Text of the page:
• Termination of Mandatory Power Purchase Obligations under the Public Utility Regulatory Policies Act of 1978
  • April 29, 2010 | Authors: Alan Claus Anderson; Shannon Coleman; William F. Demarest; Marvin T. Griff; James J. Hoecker; Elisabeth R. Myers
  • Law Firms: Husch Blackwell LLP - Kansas City Office ; Husch Blackwell LLP - Washington Office
  • At its monthly open meeting on April 15, 2010, the Federal Energy Regulatory Commission issued two orders terminating certain mandatory power purchase obligations or contracts to purchase electric energy and capacity from qualifying cogeneration and small power production facilities (“QFs”) of the The Detroit Edison Company (“Detroit Edison”) and the Public Service Company of New Hampshire (“PSNH”) pursuant to Section 210(m) of the Public Utility Regulatory Policies Act of 1978 (“PURPA”) and section 292.310 of the Commission’s regulations.

    The Commission granted the companies’ requests to terminate their purchase obligations from QFs with net capacity in excess of 20 MW on a service territory-wide basis and, with respect to PSNH, denied without prejudice its request to terminate its purchase obligation for QFs with a net capacity of 5 MW through 20 MW. These orders provide important further guidance on the circumstances under which the Commission will relieve a public utility of its PURPA purchase obligations.

    1. The Detroit Edison Order
    Detroit Edison sought termination of its obligation to purchase power from “large” QFs, i.e., QFs with net capacity in excess of 20 MW, on a service territory-wide basis for its interconnected system.

    The Commission held that Detroit Edison could terminate its purchase obligation limited to QFs that “individually have a net capacity larger than 20 MW.” According to the Commission, “that threshold is measured on an individual QF-by-QF basis, rather than by aggregating the net capacity of all QFs owned by a single entity.” QF’s net capacity, said the Commission, “is determined by its certification, whether self-certified or Commission certified” for purposes of “applying the rebuttable presumptions” under section 292.309 of its regulations. Detroit Edison Company, 131 FERC ¶ 61,039, at P 17 (2010).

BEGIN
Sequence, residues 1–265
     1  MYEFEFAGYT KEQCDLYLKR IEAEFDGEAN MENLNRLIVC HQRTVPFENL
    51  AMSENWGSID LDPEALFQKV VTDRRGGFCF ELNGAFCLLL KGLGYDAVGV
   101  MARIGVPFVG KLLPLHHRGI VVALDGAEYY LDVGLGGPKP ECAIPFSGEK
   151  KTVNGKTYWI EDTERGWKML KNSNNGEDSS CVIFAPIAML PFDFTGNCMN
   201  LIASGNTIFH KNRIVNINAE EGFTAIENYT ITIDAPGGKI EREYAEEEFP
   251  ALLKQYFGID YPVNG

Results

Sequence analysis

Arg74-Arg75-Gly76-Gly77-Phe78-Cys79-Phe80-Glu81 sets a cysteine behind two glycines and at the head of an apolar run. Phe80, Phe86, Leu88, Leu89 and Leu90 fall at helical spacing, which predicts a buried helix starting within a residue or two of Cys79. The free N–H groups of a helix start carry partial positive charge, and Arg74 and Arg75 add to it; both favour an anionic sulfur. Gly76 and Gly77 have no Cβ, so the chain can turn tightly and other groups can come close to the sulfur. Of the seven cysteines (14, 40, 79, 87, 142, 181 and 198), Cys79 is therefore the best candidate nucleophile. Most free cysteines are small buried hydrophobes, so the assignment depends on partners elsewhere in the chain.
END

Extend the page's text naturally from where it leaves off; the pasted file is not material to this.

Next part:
With respect to Detroit Edison’s announcement that it may exercise its rights “to challenge future generation projects that appear designed to evade the 20 MW capacity limitation,” id. at n.10, the Commission stated that Detroit Edison:

    must do so in a Commission proceeding certifying the facility as a QF, or in the context of a petition for declaratory order seeking a ruling that the self-certified net capacity or the Commission-certified net capacity of a QF is not accurate. Alternatively, Detroit Edison may file a new section 210(m) of PURPA proceeding.

    2. The PSNH Order
    The key issue addressed in the PSNH order is the rebuttable presumption established in Order No. 688 that a “small” QF -- that is, a QF with a capacity at or below 20 MW -- does not have nondiscriminatory access to markets.

    The Commission rejected PSNH’s attempt to rebut the Order No. 6881 presumption applicable to small QFs through a general showing that all QFs 5 MW and larger have access to competitive markets on a nondiscriminatory basis. The Commission reiterated its requirement first announced in Order No. 688 that an electric utility must demonstrate on a facility-specific basis that each small QF has nondiscriminatory access to the market. Public Service Company of New Hampshire, 131 FERC ¶ 61,027, at P 18.

    The Commission also addressed the grandfathering of rights of a QF under 18 C.F.R. § 292.314. The Commission confirmed that a QF that initiates “a state PURPA proceeding that may result in a legally enforceable contract or obligation prior to the applicable electric utility filing its petition for relief . . . will be entitled to have any contract or obligation that may be established by state law grandfathered.” Id. at P 24.